In March 1892, he debuted eight selections from the ballet in an orchestral suite. The full ballet premiered that December in St. Petersburg, in front of Emperor Alexander III and the imperial court, on a double-bill with “Iolanta,” a Tchaikovsky opera.
The response was mixed.
Some critics praised the music, but others panned the ballerina who danced the role of the Sugar Plum Fairy. They dismissed the sets and costumes as garish. In a newspaper interview a month later, Tchaikovsky said, “Everything went off perfectly, but nevertheless it seemed to me that public did not like it. They were bored.”
Ten months later, Tchaikovsky was dead, at age 53. The official cause of death (much debated in the years since) was cholera.
“He went to his grave thinking ‘Nutcracker’ was mostly a failure,” said Betsy Schwarm, a Colorado-based music historian who has written about Tchaikovsky for Encyclopedia Britannica and is the author of nine books about classical music.
He was wrong, but it took some time for the ballet to find its legs — 42 years for its first full performance in London, and 52 before its U.S. premiere, in San Francisco.
Now, of course, it’s a holiday staple, a traditional part of the Christmas season for many families, and the single most-important revenue producer for many dance companies. There are dozens of performances annually in San Diego County — or were, until the novel coronavirus arrived last year and decimated live entertainment.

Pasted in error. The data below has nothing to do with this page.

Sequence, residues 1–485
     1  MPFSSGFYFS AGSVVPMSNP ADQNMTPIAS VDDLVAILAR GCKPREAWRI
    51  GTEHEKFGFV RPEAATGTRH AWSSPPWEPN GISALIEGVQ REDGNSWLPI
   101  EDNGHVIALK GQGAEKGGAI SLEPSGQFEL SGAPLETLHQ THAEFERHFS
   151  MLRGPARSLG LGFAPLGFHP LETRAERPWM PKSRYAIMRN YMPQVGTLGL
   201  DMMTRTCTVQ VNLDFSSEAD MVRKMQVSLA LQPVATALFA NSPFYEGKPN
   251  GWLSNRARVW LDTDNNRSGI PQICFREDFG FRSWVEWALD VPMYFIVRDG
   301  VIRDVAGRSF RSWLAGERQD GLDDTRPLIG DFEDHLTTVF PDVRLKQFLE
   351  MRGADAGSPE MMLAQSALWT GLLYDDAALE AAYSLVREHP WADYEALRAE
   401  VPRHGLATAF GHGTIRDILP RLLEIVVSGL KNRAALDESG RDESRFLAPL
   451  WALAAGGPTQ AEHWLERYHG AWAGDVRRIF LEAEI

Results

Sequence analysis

Stubbs was among those sidelined, but he put his down-time to use. In late 2019, while leading the orchestra for the California Ballet’s performances of “Nutcracker,” one of the musicians had asked him whether she was playing a particular passage in the correct octave. She’d played it lower elsewhere.
That sent Stubbs looking through archives for Tchaikovsky’s scores and notes. The octave, he found, was the right one. But something else was off.
Hiding in plain sight
In Tchaikovsky’s day, there were no computers, no software programs like “Finale” that enable composers to enter their musical notations and then send them off for publication as sheet music with the click of a mouse.
He wrote his pieces out longhand and took them to an engraver. The engraver etched the notations onto metal plates. The plates were inked, put into a press, and copies were printed on paper. That’s how his works got published and distributed. Orchestras playing the “Nutcracker” today use copies that date to those original plates.